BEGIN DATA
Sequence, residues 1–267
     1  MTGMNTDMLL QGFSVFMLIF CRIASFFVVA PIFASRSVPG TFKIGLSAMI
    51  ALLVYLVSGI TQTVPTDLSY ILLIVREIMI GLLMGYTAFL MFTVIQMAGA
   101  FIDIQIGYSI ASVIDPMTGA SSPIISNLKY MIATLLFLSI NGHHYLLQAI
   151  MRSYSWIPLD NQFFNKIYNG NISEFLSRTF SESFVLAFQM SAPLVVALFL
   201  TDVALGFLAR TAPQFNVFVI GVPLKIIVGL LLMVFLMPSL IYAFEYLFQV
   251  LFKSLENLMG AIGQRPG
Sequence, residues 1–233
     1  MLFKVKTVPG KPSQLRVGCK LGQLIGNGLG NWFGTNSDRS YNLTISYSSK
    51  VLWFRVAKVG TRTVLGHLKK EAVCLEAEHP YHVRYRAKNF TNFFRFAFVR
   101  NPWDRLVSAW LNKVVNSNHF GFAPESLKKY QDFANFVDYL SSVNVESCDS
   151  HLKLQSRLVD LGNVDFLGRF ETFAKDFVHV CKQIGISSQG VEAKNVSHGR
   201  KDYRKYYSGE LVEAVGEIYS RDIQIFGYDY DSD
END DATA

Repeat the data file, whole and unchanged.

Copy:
Sequence, residues 1–267
     1  MTGMNTDMLL QGFSVFMLIF CRIASFFVVA PIFASRSVPG TFKIGLSAMI
    51  ALLVYLVSGI TQTVPTDLSY ILLIVREIMI GLLMGYTAFL MFTVIQMAGA
   101  FIDIQIGYSI ASVIDPMTGA SSPIISNLKY MIATLLFLSI NGHHYLLQAI
   151  MRSYSWIPLD NQFFNKIYNG NISEFLSRTF SESFVLAFQM SAPLVVALFL
   201  TDVALGFLAR TAPQFNVFVI GVPLKIIVGL LLMVFLMPSL IYAFEYLFQV
   251  LFKSLENLMG AIGQRPG
Sequence, residues 1–233
     1  MLFKVKTVPG KPSQLRVGCK LGQLIGNGLG NWFGTNSDRS YNLTISYSSK
    51  VLWFRVAKVG TRTVLGHLKK EAVCLEAEHP YHVRYRAKNF TNFFRFAFVR
   101  NPWDRLVSAW LNKVVNSNHF GFAPESLKKY QDFANFVDYL SSVNVESCDS
   151  HLKLQSRLVD LGNVDFLGRF ETFAKDFVHV CKQIGISSQG VEAKNVSHGR
   201  KDYRKYYSGE LVEAVGEIYS RDIQIFGYDY DSD